Always the US had been an export nation and one with the highest productivity among it’s peers. An international power since it’s conception with the sword to match the almighty dollar. Yet since the late 20th century, the US mainline economy, has become significantly more open on just about every measure. When globalisation became a hot topic in the 1990s, it often seemed that it was affecting only poor countries and former members of the Soviet bloc. However, the US was globalizing faster than all of them at the same time.
The simplest measure of economic openness – exports and imports as a share of gross domestic product – is about 30 per cent, in line with the global average, having risen about 10 percentage points over the past two decades.
That is not only because of a widening of the trade deficit: exports as well as imports have risen.
Some of the measures of financial integration are even more striking. Bank lending, the ownership of US securities, and corporate assets and earnings, are now all significantly more international than they were.
Foreign direct investment and takeovers, in both economic and political issues and both within and out, of the US have boomed and blossomed in recent years… There has also been an immigration increase to match the great influx of people in the 1860s-1920s. And that is another way our world’s Democratic nations bond together. Free flows of People…
Democracy is precious, but also pernicious and catchy.
Just ask Aung San Suu Kyi whom I just heard speak at the Parliament in Westminster Palace in London, and you’ll see how important Democracy can be for those who haven’t got it…
Because Burma after it’s independence in 1947 could go either way.
And it did.
As it often happens it went the wrong way … into 50 years of military dictatorships lasting from 1962 to now.
Just hear how Aung Suu Kyi describes this process in her own words addressing the oldest continuously run Parliament in the world — the Westminster House of Parliament:
“Following Burma’s independence in 1948, our Parliamentary system was of course based on that of the UK. The era became known, in Burmese, as the Parliamentary Era- a name which by the mere necessity of its application speaks of the unfortunate changes which followed. Our Parliamentary Era, which lasted- more or less- until 1962, could not be said to have been perfect. But it was certainly the most progressive and promising period until now in the short history of independent Burma. It was at this time that Burma was considered the nation most likely to succeed in South East Asia. Things did not, however, go entirely to plan. They often don’t, in Burma, and indeed in the rest of the world.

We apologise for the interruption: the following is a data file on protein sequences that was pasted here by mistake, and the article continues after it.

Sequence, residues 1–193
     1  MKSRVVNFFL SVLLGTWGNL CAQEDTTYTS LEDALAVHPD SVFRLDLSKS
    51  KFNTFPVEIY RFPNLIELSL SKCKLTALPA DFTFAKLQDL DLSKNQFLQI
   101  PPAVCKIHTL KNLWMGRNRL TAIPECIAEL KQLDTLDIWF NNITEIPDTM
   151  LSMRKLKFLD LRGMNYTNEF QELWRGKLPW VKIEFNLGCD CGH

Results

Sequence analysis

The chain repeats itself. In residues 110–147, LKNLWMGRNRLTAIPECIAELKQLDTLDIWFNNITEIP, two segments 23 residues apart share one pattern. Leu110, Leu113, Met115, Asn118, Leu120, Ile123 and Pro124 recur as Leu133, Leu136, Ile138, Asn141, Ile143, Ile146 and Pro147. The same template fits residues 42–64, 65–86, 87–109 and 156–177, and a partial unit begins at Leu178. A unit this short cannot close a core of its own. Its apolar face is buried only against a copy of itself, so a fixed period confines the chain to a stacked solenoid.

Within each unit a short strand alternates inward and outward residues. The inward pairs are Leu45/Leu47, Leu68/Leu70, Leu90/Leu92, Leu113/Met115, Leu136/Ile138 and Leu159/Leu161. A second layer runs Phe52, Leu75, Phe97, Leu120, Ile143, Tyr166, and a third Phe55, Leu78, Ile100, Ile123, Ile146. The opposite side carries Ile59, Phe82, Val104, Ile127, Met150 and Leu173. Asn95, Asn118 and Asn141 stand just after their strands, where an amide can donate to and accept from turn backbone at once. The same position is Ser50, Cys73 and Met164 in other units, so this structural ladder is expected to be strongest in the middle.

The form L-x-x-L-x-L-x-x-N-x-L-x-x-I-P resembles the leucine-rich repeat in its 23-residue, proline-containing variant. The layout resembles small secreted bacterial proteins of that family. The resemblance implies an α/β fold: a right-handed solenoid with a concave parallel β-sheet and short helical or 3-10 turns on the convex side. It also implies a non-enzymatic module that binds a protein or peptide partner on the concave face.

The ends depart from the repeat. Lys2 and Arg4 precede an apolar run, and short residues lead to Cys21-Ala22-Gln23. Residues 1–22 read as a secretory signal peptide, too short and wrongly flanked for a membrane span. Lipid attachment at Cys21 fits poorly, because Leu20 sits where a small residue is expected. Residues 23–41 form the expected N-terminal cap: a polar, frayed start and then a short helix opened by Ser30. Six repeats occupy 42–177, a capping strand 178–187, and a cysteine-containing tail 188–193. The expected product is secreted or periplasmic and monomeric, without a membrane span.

Now, once again, we have an opportunity to reestablish true democracy in Burma. It is an opportunity for which we have waited many decades. If we do not use this opportunity, if we do not get things right this time round, it may be several decades more before a similar opportunity arises again.
And so it is for that reason that I ask Britain, as one of the oldest Parliamentary democracies, to consider what it can do to help build the sound institutions needed to support our nascent Parliamentary democracy.” ….
“This journey out of Burma has not been a sentimental pilgrimage to the past, but an exploration of the new opportunities at hand for the people of Burma. I have been struck, throughout my trip, by how extraordinarily warmhearted and open the world has been to us. To experience this first hand, after so long physically separated from this world, has been very moving. Countries that geographically are distant, have shown that they are close to Burma in what really matters: they are close to the aspirations of the Burmese people. We are brought into proximity through our shared values- and no geographical distance, no human-made barriers, can stand in our way.”